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1A's Joshua Johnson Talks About Civility And His Florida Roots

Stephen Voss
1A Host Joshua Johnson

NPR listeners across the country can hear 1A with Joshua Johnson every weekday.

Many South Floridians are even more familiar with Johnson because he hails from West Palm Beach and has journalistic roots in Miami.

1A will broadcast live at 10 a.m. from the USF St. Petersburg Student Center on Monday and WUSF on Tuesday. WUSF spoke with Johnson about his background and what he's looking forward to.

On civility:

"The key for me in being civil is in reminding myself of a good general rule - which is that the things that people say and do to you are not about you. They're about them. What you say to me is more about you than it is about me because you're the one choosing to say it, and as long as I bear that in mind it keeps my ego from being bruised...for my work as a moderator, as an interviewer, my job is to never let it get personal."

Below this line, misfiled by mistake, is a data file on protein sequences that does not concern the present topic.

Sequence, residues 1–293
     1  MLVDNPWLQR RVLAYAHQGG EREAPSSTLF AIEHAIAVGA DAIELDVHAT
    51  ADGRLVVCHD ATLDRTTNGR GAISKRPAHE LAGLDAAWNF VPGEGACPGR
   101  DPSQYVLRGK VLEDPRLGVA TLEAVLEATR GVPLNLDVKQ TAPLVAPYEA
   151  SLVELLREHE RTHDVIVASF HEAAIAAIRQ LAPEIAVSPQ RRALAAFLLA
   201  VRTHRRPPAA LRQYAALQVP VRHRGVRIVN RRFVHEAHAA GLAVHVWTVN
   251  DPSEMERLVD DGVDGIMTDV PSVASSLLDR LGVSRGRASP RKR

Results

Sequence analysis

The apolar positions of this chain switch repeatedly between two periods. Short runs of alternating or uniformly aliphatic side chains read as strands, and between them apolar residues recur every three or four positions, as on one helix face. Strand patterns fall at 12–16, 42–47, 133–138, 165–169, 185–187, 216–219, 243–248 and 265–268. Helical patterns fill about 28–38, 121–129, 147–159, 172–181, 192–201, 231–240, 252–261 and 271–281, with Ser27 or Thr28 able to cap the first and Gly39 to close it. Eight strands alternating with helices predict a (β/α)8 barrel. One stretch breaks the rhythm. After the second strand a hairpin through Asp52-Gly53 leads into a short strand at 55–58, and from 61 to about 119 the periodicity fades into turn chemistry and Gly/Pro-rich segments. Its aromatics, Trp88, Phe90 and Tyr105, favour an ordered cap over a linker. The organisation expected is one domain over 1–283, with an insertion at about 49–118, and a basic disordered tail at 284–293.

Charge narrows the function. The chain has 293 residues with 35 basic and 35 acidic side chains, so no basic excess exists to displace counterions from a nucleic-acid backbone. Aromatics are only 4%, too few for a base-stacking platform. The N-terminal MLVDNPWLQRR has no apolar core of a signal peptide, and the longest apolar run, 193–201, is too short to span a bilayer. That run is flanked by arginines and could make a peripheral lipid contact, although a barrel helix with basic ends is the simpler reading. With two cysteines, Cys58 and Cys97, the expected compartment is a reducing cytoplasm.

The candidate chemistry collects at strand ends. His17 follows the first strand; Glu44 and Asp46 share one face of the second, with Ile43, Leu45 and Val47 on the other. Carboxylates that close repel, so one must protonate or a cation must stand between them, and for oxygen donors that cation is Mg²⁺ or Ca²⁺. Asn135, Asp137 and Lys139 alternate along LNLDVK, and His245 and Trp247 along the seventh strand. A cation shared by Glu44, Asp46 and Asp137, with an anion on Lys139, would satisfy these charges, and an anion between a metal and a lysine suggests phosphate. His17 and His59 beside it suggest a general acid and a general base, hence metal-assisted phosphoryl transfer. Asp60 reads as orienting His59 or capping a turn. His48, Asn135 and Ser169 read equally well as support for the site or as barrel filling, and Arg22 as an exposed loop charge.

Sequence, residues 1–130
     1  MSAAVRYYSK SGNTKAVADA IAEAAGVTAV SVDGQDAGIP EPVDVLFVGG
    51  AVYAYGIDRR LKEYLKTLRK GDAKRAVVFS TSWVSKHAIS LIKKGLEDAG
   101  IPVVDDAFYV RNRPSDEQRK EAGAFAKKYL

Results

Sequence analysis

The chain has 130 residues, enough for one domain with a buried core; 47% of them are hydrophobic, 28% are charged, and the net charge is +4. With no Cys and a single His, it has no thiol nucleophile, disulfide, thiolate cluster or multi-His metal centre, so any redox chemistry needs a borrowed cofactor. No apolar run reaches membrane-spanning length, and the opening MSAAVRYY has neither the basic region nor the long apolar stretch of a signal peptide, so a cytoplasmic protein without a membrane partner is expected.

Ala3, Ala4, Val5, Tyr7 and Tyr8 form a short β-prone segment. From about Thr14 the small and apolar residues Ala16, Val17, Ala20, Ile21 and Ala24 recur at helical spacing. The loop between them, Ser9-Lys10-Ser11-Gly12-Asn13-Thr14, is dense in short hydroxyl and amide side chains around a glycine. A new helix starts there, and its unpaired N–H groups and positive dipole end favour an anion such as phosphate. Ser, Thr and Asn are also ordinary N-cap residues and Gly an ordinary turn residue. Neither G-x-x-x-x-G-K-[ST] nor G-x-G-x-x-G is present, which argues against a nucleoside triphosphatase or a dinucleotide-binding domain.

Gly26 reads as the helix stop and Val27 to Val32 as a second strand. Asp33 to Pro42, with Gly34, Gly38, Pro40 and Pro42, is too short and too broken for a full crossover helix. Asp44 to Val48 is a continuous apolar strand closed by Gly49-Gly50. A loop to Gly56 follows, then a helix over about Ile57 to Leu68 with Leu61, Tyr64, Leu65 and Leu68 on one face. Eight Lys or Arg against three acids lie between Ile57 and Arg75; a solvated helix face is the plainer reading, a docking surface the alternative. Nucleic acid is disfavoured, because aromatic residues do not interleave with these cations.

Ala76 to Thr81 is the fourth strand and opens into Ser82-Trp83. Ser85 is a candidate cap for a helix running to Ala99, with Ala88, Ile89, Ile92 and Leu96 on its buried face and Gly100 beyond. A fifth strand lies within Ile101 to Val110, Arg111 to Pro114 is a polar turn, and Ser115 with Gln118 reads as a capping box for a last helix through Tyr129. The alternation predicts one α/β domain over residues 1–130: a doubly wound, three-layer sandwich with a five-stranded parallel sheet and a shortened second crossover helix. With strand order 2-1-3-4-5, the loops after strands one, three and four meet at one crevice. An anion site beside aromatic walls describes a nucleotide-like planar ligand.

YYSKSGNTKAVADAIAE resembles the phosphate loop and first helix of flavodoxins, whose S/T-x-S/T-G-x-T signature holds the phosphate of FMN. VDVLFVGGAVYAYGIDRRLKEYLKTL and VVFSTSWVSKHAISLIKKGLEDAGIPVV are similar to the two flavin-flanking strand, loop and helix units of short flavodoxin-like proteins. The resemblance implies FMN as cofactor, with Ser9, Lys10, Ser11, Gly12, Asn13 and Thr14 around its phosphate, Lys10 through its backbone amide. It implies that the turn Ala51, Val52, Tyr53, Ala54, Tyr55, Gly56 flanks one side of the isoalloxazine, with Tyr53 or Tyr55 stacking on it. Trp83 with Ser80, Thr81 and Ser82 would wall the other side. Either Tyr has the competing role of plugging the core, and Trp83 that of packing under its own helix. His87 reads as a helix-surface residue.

On Florida:  

"Florida is this wellspring of talent and insight and expertise. There's so much in Florida that I think would surprise people if they knew just how much expertise there is in the state on so many different kinds of topics. We're known for a few things, but there's so much more in this incredibly diverse, incredibly complicated, endlessly fascinating, sometimes embarrassing state that is just very loveable from a journalistic perspective."

On the 1A approach:

"We try to start with someone's story. Say we do a piece about a hurricane. Say a hurricane comes across South Florida and does tons of damage, and we have booked a meteorologist, someone who is an expert in disaster recovery, someone whose home was destroyed and we have booked someone on Capitol Hill.

"Who do you think we're going to start with? The person whose home was destroyed. Because that's where the story is. That humanizes the story. You ground it in someone's lived experience. It doesn't mean those other guests don't count, but it's most important for us to start with what's at stake for real people."

Almost every day, I come before the microphone with the same enthusiasm as the Dani Rojas character in the “Ted Lasso” television series. I do 100 pushups, take some laps around the house, thank my supervisors and audience for giving me the opportunity to do what I love, bellow “Radio is liiiife” from the back steps, and bound back to my garret and get to work.
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